Daniel C. McCarthy, Senior Editor/Special Projects
There is a spot in New Mexico where six natural gas pipelines converge, carrying the energy source from producers in New Mexico and Colorado to customers in California. At that junction, 2.8 billion cubic feet of gas pass each day, monitored closely by El Paso Natural Gas, the company that runs the pipeline. Also, at that point, the gas is user-ready -- meaning water, among other things, should be absent. Moisture in the gas will do worse than make flames flicker on customers' stoves. If it goes unchecked, ice can form in the pipe and inhibit regulation of gas flow.
El Paso traditionally had relied only on capacitance sensors to monitor moisture. These sensors incorporate a bead coated with aluminum or platinum. A higher electrical capacitance across the bead signals higher water content. These sensors, however, are susceptible to contamination by glycols or amines in the gas, which can cause exaggerated readings or a failure to detect. An erroneously high reading could cause El Paso to temporarily shut down the pipeline.
A shutdown can cost as much as $5000 to $10,000 an hour and, if prolonged, could halt gas suppliers' production operations. "That makes them mad," said Russ Pyeatt, operations manager for El Paso Natural Gas. On the other end, El Paso's customers can start losing gas pressure. "It's like a domino effect through the whole line," he added.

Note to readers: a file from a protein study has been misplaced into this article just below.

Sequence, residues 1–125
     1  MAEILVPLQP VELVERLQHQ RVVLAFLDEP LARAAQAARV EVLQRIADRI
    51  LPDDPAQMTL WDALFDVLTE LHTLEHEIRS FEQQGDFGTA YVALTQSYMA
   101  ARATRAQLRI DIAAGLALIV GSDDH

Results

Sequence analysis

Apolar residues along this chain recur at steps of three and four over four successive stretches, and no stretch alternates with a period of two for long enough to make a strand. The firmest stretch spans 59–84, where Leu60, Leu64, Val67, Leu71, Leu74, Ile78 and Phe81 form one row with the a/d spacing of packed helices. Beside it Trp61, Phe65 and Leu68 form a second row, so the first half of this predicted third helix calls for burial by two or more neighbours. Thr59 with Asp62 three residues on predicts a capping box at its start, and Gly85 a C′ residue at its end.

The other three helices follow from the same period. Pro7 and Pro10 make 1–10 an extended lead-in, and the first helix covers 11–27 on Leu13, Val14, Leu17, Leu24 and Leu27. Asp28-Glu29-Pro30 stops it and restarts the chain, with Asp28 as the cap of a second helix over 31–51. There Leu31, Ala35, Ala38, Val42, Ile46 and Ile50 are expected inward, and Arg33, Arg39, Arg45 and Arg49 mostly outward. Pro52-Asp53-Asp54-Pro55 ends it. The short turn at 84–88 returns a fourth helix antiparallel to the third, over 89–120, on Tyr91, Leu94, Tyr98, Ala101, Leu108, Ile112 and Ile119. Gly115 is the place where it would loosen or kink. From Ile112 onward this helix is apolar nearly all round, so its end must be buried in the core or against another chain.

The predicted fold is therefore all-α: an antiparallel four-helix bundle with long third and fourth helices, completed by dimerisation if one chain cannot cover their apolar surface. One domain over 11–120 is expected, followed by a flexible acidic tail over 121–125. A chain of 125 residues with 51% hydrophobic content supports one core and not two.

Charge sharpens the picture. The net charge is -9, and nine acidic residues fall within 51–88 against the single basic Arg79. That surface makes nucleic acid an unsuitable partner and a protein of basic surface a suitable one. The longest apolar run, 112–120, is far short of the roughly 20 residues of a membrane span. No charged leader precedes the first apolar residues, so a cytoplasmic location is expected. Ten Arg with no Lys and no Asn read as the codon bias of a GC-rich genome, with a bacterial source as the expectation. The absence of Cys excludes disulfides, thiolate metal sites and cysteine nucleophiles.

The company's search for faster and more refined detection led it to use a compact laser-absorption spectrometer from SpectraSensors. The breadbox-size instrument incorporates a distributed feedback diode laser tuned to 1.37 µm to better detect water amid strong concentrations of methane -- the main component of natural gas. Software compares the laser's emitted power against the light returned from a mirror and calculates water content by the amount of absorbed optical energy.
SpectraSensors' technology, originally developed for NASA to measure atmospheric moisture, can detect moisture in the parts-per-billion range, far in excess of what El Paso needed. "When we approached them and told them what we wanted, they said, 'I guess we can detect levels that high,' " Pyeatt recounted.
El Paso purchased the first sensor last year and has since ordered four more. The two companies have also started applying the sensors to detect CO2 in the pipeline.